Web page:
When you write headlines, you must have a dirty mind.
If you don’t come by a dirty mind naturally, you have to cultivate one.
Hang around teenage boys. Recite limericks with Nantucket rhymes. Read a bodice-ripper. Do something.
Otherwise, you end up with headlines like this one, which adds an unintended erotic element to the battle for the future of Egypt.
And once you let one double-entendre slip past, others start to peek out from unintended places. (Think of the other kind of supporters. Then go ahead and snicker.)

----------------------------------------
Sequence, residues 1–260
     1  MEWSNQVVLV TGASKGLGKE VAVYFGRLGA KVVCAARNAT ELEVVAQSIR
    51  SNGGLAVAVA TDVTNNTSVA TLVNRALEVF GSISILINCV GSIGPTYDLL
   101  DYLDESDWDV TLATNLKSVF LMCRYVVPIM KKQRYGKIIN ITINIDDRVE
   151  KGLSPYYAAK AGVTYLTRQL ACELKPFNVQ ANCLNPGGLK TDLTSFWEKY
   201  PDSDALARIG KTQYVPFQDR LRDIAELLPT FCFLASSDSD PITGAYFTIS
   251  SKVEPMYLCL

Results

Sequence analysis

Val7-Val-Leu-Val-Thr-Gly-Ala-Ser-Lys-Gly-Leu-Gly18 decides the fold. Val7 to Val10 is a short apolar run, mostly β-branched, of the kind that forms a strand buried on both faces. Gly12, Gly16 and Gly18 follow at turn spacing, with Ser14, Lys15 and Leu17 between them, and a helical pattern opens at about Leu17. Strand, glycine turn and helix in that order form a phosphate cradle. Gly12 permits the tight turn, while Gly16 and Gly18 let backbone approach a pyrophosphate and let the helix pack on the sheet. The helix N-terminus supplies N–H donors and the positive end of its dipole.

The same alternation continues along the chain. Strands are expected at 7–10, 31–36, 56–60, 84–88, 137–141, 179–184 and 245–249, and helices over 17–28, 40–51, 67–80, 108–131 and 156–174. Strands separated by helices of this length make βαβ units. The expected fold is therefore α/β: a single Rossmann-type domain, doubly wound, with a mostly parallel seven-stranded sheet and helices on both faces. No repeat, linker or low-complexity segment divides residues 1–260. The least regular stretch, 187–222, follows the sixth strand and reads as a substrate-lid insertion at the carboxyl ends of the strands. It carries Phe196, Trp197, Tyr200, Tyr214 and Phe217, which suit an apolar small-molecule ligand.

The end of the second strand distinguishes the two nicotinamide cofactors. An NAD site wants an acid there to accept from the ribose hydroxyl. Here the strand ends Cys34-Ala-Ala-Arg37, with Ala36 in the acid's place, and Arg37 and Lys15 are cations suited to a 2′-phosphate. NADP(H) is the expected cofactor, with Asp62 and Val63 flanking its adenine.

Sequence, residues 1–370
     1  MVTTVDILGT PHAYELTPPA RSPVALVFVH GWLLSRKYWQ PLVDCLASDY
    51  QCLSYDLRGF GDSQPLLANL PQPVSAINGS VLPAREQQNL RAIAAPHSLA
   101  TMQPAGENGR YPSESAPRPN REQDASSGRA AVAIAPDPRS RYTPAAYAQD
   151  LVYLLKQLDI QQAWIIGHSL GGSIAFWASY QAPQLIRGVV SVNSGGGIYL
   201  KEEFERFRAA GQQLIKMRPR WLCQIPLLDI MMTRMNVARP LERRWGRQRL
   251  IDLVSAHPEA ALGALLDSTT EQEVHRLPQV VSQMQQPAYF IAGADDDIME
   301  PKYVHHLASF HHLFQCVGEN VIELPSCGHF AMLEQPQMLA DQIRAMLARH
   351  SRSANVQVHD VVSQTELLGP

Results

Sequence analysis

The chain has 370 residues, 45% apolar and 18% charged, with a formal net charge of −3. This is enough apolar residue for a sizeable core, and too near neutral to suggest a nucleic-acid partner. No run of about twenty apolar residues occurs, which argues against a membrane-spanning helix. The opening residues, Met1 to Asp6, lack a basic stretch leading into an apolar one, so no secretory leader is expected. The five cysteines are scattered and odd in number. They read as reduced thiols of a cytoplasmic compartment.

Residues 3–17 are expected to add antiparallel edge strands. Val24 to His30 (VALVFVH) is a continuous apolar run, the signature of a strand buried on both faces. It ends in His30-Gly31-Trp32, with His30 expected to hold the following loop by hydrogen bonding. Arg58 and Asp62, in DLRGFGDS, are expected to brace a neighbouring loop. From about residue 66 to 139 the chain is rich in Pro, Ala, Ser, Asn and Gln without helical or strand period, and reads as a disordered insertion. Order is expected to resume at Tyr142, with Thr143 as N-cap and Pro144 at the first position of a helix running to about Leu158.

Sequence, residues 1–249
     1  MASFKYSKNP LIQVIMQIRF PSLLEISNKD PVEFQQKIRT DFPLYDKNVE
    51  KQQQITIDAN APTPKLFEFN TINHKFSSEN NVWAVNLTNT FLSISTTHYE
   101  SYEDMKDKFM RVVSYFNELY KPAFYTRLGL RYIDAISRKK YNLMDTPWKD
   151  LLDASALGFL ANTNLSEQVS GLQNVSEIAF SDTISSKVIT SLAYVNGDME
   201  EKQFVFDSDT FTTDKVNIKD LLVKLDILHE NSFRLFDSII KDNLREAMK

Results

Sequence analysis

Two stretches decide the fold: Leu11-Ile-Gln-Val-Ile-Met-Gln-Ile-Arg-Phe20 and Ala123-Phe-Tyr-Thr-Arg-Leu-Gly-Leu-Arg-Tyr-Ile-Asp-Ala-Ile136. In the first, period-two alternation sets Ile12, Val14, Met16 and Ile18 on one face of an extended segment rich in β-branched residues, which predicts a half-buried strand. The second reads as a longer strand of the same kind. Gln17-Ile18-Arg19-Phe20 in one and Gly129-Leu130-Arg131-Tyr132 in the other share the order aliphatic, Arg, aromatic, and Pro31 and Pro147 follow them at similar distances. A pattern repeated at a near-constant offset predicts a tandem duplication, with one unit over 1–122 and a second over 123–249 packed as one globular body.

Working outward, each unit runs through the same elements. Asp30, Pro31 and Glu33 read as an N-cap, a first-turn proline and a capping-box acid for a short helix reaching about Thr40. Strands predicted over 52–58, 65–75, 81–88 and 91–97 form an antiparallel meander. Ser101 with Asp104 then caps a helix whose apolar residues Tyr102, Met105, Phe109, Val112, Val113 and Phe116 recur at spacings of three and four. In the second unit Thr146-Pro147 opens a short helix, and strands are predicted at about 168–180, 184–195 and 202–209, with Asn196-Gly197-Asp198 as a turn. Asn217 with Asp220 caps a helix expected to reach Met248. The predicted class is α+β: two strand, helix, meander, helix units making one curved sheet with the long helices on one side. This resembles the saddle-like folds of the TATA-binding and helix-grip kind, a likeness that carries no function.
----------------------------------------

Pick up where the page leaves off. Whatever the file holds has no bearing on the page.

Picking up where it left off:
That’s not what you want when you write headlines.
Turn on is a legitimate phrase, but when you split the on from the noun it works with (in this case, protesters), you create arousal rather than resistance.
Attack could have replaced turn on, getting across the same point without raising, um, eyebrows.